Spiders and spider bites in France
We can find about 1600 species of spider in France and as many will already know spiders are not insects but are part of the class of Arachnids, in the same way that dogs are part of the class of Mammals, Swallows are part of the class of Birds and Ladybirds are part of the class of Insects. Arachnids comprise chiefly terrestrial invertebrates that includes spiders, scorpions, mites, and ticks. They have a segmented body that is divided into two parts of which the anterior bears four pairs of legs and they don't have antennae.
Spiders have venom glands that enable them to kill their prey when they bite them. Their prey is made up of insects of all types and given that they will also eat other spiders males need to be especially careful when attempting to mate and it isn’t unusual for them to be eaten by the female.
Most, if not all of us, will know someone with a phobia about spiders but are these hairy little beasts that inspire so much terror actually dangerous for us humans in France? The vast majority of spiders in France can’t actually penetrate human skin and of those that can most will result in nothing more than minor localised discomfort or even go completely unnoticed. However there are a couple of species whose bite may require medical attention and you can read more below.
The Brown Recluse, Loxoceles recluse, (La Recluse brune) is a spider from North America that has been found in France in recent years with medically significant venom that can cause significant harm left untreated. The same applies to the only native French Loxoceles species the Mediterranean Recluse Spider, Loxosceles rufescens, (L'araignée violoniste). Both species are predominately to be found in the south of France although both species are to be found in other regions of France. Neither is likely to actually cause death without an existing serious health condition but there is a high risk of necrosis and infection without treatment which must be sought immediately.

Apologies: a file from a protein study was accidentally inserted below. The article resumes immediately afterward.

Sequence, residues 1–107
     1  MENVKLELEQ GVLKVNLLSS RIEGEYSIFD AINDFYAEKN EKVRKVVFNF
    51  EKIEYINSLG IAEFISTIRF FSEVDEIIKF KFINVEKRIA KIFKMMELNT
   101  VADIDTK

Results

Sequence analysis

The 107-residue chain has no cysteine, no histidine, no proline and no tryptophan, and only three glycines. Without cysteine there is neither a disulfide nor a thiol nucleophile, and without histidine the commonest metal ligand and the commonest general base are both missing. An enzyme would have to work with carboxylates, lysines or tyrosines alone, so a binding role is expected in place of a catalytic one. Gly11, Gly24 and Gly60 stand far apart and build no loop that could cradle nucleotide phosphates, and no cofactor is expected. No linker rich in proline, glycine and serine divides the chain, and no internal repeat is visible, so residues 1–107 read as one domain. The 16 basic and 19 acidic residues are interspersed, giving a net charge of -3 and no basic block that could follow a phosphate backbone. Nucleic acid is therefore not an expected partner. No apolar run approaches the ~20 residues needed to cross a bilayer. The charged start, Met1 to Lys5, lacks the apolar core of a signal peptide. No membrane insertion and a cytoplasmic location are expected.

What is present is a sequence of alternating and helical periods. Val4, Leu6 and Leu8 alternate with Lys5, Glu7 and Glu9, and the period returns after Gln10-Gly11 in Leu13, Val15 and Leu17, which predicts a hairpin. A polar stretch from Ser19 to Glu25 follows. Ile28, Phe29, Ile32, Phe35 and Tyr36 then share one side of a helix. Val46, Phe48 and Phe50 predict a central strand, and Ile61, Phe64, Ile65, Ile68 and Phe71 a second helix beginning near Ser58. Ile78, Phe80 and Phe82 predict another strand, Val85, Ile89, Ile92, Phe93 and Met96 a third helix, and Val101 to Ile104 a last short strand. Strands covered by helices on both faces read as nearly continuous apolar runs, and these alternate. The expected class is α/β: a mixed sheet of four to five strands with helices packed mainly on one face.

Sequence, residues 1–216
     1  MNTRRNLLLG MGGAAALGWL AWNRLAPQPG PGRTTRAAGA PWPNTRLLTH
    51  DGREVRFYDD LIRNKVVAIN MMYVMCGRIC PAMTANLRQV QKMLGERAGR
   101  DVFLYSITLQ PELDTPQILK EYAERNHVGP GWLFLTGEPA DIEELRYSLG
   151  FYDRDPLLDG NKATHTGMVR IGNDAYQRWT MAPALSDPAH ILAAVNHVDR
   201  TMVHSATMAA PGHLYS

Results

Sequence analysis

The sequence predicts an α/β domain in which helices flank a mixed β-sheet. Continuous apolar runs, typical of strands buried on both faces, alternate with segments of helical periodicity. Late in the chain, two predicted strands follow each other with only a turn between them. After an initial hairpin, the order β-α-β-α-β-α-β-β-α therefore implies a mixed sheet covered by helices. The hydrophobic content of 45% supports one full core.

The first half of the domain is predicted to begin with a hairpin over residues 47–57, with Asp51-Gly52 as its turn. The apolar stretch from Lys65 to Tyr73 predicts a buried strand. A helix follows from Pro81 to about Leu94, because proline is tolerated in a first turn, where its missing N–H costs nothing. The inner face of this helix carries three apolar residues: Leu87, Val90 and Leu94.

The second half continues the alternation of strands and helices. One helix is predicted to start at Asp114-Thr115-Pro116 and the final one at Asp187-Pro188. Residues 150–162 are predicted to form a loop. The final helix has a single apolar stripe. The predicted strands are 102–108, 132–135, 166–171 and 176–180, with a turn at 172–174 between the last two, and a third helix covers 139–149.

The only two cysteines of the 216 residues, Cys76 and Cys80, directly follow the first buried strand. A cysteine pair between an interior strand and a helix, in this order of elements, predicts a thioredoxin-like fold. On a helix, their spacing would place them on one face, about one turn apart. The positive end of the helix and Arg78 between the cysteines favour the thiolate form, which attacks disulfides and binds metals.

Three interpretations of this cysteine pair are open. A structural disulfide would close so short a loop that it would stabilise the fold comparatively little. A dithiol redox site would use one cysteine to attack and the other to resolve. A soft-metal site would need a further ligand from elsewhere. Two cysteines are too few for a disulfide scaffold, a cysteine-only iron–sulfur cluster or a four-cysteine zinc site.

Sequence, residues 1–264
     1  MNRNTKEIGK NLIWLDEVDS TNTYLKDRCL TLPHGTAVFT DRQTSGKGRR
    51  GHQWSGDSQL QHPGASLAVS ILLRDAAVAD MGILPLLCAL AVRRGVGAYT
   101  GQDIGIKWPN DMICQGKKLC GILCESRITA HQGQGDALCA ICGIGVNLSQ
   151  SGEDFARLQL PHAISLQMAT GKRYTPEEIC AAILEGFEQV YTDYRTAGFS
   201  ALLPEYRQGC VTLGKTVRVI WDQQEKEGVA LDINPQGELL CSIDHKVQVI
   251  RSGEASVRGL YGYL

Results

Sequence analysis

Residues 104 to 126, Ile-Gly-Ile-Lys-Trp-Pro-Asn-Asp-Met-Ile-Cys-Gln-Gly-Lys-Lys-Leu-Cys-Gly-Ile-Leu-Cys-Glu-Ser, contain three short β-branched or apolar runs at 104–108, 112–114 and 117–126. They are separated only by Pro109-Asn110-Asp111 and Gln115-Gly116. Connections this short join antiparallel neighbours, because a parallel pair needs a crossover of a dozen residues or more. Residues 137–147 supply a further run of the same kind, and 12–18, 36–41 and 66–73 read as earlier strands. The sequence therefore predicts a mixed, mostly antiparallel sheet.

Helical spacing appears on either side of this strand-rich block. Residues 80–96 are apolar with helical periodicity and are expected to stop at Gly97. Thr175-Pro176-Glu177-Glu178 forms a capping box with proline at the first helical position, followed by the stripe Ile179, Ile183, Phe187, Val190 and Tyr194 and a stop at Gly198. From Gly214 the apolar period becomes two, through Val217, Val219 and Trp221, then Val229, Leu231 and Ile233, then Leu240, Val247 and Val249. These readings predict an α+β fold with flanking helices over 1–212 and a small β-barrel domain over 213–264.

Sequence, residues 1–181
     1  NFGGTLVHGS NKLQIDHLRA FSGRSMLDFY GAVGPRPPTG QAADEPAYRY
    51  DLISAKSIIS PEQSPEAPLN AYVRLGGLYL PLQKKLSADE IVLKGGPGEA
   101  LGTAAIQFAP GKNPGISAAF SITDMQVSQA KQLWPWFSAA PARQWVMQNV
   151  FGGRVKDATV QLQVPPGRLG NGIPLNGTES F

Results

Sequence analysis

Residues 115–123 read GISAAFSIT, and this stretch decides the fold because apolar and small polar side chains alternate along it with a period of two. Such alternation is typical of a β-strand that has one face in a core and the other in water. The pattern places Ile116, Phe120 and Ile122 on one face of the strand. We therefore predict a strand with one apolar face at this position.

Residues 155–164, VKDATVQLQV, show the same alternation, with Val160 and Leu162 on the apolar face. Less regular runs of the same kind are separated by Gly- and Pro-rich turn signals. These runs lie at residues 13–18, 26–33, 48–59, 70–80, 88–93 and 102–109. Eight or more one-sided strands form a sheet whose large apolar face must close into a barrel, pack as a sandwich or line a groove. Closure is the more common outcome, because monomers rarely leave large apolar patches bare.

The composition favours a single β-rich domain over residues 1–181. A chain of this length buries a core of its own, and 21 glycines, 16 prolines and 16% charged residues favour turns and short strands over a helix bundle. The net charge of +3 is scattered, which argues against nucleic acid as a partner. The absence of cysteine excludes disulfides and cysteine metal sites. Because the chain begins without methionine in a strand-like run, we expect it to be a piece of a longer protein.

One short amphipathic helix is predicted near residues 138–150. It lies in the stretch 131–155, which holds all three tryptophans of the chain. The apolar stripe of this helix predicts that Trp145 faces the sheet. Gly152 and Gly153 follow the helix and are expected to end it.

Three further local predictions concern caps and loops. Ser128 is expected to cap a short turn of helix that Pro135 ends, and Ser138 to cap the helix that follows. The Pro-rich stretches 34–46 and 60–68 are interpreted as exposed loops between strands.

Mediterranean black widow or the European black widow, Latrodectus tredecimguttatus La Malmignatte or Veuve noire d’Europe. In France it is found mainly in the south of the country and in Corsica but also goes up along the Atlantic coast of New Aquitaine to Brittany. Only the larger female is capable of biting a human but only when threatened. The venom in this case is a neurotoxin that affects the nervous system. The bite can lead to abdominal pain, muscle spasms and heavy sweating as well as paresthesia, (a burning or prickling sensation), of the affected area. Death is a very rare consequence of the bite, however without treatment patients can suffer unpleasant symptoms resulting from the bite for several weeks.
Green-fanged tube web spider, Segestria florentina, La Ségestrie Florentine is a tube dweller that can be found all over France. They are a large spider, adults completely black, with females up to 22mm. They spin a tubular web, often in cracks of buildings. Six or more silken lines radiate from it, and the spider waits in the entrance, touching the lines with the frontal six legs. They are the largest of the European segestriid spiders but much darker than the others. Bites are not dangerous and are similar to being stung by a bee.
Wolf spiders, (Lycosidae species), L’araignée-loup. Numerous species and most people will have seen these spiders in their gardens. Females are easily recognised when carrying their egg sack behind them or when they have their young on their backs – they are the only spiders known to do this. Bites cause no more than somewhat painful irritation for most people and have no lasting effects.